|cassette questions||Pyg Me|
Jun 4, 2001 9:29 PM
|I live on the Gulf Coast so hills/mountains are a rarity. There is nothing around here that I can not handle on my double (53/39 w/11-23 cassette.
Recently I made a bike trip in the "hill country"-Leakey area to be exact- and I encountered the steepest/lomgest climbs of my riding life.
Although, I was able to climb even the steepest ascents with my granny and the 23, I certainly would have liked to have a couple of more teeth in the rear.
Towards the end of June, I am riding from the Houston area, to LA and then New York with 16 other people. I want to carry another cassette for the climbing legs. Any suggestions? Stay Ultegra and go 25? Will a MTB cassette work?
|re: cassette questions||Rusty Coggs|
Jun 5, 2001 7:15 AM
|If you have 9 speed,the max road rear cog is 27 teeth. If you go with a bigger mountian cassette,you will likely need a mountian detailer to handle the larger cog. If you have 7 or 8 speed, I have run a 30 tooth rear cog with a short cage 105 or ultegra 7 and 8 speed derailers, which I believe, were rated for 28 teeth,but typically will handle a few more. You may need to lengthen the chain and fiddle with the B tension adjustment.Running just a 25 in place of the 23 lould likeky involve no changes.|
|And lose the 11 - you don't need it, do you? (nm)||Kerry Irons|
Jun 5, 2001 6:08 PM
|And lose the 11 - you don't need it, do you? (nm)||Pyg Me|
Jun 6, 2001 9:00 AM
|Actually I have considered going to a 12, but decided not to. Like I said, the Gulf coast is kinda flat. I ride with a crew that has not problem rolling along at 30 mph for stretches at a time. Not that I can pull for that fast without considering it a sprint. But, when we get up to that speed, I have used all my gears and I am spinning out. Eventually, I'll use the big ring in front,,,,,just kidding.
I'll have to reconsider the 11-23 and maybe go with a 12-25.
|And lose the 11 - you don't need it, do you? (nm)||TSTAMM|
Jun 6, 2001 11:01 AM
|i have the same problem, i live on Long Island, not a problem with 11-23 cassett. I recently went to Vermont and died on some of the steep hills. I was thinking about either going with a 12-25 or 12-27 cassett. Any thoughts, is this going to be a problem for my chain or rear derailler?|
|Excuse me?||Kerry Irons|
Jun 7, 2001 7:55 PM
|You can ride at 30 mph and need lower gears for the hills? I don't think so. And even at 30 mph, a 52/13 only requires 90 rpm. So, not much of this adds up, but it makes a great story. BTW, it's not been that many years ago that the hour record was just over 30. You guys should be in the pro ranks for sure.|
|Kerry, I've got an 11-23 cassette, and I use the 11 all the||bill|
Jun 8, 2001 1:27 PM
|time -- on the rollers. Now that I've actually learned how to pedal my little bikey, thanks to rollers, I realize that an 11 is for another species of human, and I can't remember when I went to 11 (remember Spinal Tap?) except screaming down some hill where I'm not sure that I was doing anyone any good by pedalling. The question now is, do I get a 12-25 or a 13-26 (I'll get a Chorus 10 sp. cassette, the rest of the drivetrain is Record -- yeah, yeah, yeah, I got the good stuff before I knew how to use it, sue me). My normal riding is pretty flat, little rollers, where the 23 is plenty low, but I sometimes take the bike to my in-laws in CT, which has some genuine, bona fide, kick your ass hills. I've made it up them with a 25 (set up on a set of Cane Creek wheels, long story), but I'm wondering whether, to make it worth having another cassette that I will use pretty much only when I go hilly, I just should go 13-26 for real contrast. Or maybe that's stupid, because 26 or 25 isn't going to make that much difference, and I'll miss the 12. As far as intermediate gears, I'm not in love with any in particular.|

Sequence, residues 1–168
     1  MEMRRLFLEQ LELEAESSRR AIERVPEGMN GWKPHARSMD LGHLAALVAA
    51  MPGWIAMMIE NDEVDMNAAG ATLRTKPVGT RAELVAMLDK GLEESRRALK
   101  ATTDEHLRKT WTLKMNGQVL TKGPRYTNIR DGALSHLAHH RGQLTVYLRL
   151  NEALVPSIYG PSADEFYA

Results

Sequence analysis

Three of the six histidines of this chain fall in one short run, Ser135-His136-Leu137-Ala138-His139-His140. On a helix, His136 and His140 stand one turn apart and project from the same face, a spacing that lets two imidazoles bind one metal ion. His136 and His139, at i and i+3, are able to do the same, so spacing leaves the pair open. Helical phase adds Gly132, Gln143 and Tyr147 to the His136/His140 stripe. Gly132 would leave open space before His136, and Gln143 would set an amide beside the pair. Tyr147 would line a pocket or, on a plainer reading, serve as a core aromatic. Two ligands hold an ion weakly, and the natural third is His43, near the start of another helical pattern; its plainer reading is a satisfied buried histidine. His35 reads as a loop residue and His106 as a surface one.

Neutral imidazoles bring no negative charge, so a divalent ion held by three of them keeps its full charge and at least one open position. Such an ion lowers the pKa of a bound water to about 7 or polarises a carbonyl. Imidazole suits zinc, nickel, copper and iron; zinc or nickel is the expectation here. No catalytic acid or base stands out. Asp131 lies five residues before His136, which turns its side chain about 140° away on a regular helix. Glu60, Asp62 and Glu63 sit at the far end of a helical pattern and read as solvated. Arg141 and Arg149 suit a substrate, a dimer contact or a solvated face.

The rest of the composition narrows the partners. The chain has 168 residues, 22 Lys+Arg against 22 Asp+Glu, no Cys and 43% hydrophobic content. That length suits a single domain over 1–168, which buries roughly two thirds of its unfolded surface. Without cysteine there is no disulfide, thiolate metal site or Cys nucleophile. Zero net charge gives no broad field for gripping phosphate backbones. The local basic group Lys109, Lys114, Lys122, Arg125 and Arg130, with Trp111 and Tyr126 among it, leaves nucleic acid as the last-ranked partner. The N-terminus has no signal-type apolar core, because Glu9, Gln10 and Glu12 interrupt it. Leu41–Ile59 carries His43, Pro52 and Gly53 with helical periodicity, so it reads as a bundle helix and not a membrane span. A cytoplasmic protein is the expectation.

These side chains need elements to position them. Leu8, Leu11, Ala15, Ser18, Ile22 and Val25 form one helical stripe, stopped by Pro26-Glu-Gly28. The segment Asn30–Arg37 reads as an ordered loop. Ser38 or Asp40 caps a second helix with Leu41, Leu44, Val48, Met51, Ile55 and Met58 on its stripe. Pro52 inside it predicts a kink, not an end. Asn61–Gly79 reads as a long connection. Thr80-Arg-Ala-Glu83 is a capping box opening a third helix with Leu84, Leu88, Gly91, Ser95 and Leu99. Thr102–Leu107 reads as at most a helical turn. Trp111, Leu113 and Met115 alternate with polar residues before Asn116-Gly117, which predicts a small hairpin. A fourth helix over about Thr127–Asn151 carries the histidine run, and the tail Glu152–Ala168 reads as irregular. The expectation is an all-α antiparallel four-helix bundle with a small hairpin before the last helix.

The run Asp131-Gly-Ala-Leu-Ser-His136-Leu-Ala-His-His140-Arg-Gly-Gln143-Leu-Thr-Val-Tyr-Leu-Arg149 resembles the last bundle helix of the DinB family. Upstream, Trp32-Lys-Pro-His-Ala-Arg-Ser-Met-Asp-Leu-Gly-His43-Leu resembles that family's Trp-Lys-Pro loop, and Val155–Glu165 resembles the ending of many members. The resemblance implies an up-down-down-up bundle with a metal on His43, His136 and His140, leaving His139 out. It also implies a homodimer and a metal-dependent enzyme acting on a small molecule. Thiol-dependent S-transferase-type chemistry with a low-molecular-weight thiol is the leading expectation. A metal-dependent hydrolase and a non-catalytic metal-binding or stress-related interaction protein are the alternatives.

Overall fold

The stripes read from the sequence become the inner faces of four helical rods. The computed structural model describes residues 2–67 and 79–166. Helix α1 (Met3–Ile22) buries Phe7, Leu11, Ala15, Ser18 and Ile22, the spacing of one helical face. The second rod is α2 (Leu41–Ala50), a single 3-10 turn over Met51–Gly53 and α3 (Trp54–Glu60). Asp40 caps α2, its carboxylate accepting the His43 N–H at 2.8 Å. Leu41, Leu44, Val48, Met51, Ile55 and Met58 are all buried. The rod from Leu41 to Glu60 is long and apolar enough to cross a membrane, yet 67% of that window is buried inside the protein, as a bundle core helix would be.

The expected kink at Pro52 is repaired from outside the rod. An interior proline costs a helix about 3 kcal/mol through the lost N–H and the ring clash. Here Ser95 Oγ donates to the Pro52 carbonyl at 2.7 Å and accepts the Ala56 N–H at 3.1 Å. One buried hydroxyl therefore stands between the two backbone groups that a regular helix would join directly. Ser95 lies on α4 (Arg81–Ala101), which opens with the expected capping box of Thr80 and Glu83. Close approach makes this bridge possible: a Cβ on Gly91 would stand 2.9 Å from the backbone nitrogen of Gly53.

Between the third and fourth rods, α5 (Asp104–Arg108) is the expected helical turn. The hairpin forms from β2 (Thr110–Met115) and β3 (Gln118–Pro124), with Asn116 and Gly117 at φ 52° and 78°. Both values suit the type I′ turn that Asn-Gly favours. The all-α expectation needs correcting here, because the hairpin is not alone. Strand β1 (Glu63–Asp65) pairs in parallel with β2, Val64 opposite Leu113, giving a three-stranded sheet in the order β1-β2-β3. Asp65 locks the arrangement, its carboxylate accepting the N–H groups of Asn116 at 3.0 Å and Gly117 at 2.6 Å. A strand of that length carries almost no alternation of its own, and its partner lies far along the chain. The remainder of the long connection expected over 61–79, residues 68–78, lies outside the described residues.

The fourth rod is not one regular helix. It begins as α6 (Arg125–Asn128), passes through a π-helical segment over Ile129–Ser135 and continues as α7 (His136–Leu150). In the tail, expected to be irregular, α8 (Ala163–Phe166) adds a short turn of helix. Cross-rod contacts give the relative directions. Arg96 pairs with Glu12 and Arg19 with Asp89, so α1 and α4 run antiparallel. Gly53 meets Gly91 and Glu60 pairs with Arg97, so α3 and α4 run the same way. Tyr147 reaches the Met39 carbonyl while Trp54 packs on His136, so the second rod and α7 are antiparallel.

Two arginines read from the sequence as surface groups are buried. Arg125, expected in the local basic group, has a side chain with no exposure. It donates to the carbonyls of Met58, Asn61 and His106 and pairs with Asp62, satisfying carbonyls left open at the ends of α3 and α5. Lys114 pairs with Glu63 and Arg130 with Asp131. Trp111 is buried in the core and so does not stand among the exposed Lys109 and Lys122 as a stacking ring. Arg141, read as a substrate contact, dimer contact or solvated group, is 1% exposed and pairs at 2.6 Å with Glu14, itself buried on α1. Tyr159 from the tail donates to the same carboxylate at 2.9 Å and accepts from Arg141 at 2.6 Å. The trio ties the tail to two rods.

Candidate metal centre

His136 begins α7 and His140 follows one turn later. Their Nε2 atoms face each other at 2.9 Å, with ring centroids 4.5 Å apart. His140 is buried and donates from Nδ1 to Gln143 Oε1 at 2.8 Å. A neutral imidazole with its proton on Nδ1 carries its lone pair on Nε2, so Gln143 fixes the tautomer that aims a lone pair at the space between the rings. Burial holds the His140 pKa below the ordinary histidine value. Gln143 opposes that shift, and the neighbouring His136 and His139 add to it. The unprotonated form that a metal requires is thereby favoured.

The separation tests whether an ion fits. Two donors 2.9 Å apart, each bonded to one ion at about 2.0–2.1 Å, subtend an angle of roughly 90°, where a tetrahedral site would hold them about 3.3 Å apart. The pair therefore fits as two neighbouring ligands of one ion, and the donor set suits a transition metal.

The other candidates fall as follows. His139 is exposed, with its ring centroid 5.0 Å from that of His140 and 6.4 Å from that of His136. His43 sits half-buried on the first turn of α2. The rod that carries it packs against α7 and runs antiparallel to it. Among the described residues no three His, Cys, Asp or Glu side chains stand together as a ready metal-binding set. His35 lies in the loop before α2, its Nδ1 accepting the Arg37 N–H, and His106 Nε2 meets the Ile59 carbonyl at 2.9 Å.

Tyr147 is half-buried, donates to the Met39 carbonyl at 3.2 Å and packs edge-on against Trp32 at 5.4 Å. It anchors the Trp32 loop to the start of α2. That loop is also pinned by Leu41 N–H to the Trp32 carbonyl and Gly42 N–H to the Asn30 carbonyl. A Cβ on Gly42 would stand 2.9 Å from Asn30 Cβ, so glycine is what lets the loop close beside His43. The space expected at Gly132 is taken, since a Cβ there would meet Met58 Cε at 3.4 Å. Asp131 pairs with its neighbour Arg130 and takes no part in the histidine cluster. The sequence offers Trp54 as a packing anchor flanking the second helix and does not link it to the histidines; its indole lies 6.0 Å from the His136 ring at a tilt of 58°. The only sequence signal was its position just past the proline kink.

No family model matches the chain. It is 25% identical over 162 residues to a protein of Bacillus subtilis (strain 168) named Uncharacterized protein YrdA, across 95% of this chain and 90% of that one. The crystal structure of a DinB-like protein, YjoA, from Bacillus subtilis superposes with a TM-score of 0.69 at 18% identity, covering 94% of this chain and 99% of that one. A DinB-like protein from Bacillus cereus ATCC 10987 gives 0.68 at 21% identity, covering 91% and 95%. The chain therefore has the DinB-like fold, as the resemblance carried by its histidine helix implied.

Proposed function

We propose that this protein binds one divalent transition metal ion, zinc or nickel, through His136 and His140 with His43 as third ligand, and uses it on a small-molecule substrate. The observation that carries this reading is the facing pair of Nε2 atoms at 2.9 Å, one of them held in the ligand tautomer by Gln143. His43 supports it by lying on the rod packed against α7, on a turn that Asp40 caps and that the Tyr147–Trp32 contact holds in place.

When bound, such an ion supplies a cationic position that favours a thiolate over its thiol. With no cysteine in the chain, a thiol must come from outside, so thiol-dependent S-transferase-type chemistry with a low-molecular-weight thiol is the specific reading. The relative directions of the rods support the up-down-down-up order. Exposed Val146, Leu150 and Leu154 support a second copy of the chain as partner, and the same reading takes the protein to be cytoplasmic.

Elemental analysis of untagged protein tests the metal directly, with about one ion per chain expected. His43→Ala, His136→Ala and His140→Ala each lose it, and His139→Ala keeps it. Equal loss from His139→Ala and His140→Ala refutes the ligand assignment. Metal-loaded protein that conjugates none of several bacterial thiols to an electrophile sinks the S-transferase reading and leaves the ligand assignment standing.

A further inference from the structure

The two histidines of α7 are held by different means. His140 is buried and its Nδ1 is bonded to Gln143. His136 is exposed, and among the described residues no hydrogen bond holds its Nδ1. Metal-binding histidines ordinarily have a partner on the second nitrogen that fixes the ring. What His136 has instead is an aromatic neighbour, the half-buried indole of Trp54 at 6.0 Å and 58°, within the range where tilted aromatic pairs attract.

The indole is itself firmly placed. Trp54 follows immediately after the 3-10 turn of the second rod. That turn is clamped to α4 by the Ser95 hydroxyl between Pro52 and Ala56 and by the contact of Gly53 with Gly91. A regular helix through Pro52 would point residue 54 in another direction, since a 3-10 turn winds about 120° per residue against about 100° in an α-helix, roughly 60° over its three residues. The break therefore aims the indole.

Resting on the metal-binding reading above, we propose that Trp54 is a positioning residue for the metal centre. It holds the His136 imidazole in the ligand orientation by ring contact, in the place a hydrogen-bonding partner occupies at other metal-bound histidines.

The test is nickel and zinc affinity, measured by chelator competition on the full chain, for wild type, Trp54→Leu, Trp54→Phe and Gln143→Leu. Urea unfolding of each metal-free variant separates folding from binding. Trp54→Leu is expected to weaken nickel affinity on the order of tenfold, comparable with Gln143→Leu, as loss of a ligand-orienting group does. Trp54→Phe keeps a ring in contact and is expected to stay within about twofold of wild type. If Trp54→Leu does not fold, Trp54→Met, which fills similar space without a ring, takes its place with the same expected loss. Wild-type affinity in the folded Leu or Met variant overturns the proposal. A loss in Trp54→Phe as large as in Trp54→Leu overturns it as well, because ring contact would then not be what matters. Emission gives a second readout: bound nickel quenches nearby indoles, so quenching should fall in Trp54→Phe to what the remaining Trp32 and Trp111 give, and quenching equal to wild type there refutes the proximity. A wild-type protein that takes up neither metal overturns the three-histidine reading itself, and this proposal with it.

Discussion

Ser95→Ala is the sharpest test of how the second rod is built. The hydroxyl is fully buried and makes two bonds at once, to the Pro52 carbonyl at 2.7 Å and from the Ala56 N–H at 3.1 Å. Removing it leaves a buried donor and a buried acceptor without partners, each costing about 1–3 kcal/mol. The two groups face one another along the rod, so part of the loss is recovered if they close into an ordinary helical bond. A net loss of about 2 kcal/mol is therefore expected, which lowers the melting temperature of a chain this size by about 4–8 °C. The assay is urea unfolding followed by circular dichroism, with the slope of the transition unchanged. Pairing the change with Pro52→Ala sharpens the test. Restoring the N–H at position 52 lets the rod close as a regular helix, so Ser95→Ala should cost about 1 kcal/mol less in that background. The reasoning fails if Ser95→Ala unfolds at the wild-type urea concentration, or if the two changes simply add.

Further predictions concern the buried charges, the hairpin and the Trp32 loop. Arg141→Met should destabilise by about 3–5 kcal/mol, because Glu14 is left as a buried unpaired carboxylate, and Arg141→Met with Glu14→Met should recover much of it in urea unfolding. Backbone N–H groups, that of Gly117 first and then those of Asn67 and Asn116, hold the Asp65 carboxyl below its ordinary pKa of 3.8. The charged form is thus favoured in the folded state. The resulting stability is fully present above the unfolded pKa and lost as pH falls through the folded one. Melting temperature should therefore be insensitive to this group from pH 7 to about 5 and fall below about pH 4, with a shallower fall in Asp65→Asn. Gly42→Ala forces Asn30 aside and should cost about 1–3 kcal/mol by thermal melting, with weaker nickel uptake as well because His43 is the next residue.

|Excuse YOU....||Pyg Me|
Jun 9, 2001 2:02 PM
|....And learn to read also. My post specifically stated that If I am at 30, I am sprinting. Not just riding along. It also said that those guys pull at 30 for stretches at a time, NOT AN AVERAGE SPEED. I am just hanging on at this point and spinning out. Not everyone has the same spin Mr Wizard.
As a matter of fact, two guys I ride with are Cat 1's and one is a pro, who at the time being is in Belgium on the race circuit.
I guess that you are the only person able to ride 30 mph as exhibited by your vast knowledge of the rpms of a 53/13 to go 30 mph (Of which I think is full of crap.)
|Basic Math||Cliff Oates|
Jun 10, 2001 5:16 PM
|I guess that you are the only person able to ride 30 mph as exhibited by your vast knowledge of the rpms of a 53/13 to go 30 mph (Of which I think is full of crap.)
It's easy enough to calculate. Take the gear ratio times the circumference of the tire in inches times cadence and divide by 12 to arrive at feet per minute. Multiply that by 60 minutes and divide by 5280 and you get miles per hour. For example, 53/13=4.077 * 26.34"*pi (the approximate diameter of a 700C wheel shod with 23 mm tires times pi yields circumference) * 95 rpms and dividing by 12 inches returns 2670.8 feet per minute * 60 minutes in an hour and dividing by 5280 feet in a mile and you get 30.35 miles per hour.
A 53/13 combo yields 30 MPH at an efficient cadence of 95. 53/11 has you going 30 if you drop your cadence to 80 rpms. A cadence of 80 is hardly spinning out.
Jun 6, 2001 4:10 PM
|Carry a 20-28 front chainring. You will get better results in the mountains. The difference is tremendous. Run it with your 39. Later go back to 53/39. Rear? Get no less than 13 and the biggest without changing d-rail, probably a 32.|
Jun 10, 2001 3:31 PM
|You are riding around 8 thousand miles, right? You won't be sprinting much, I'd say.
I'd get a 12-27 and 53/38 up front. Unless you are carrying a big load, that should work anywhere. Don't carry the extra cassette, just use the above set up.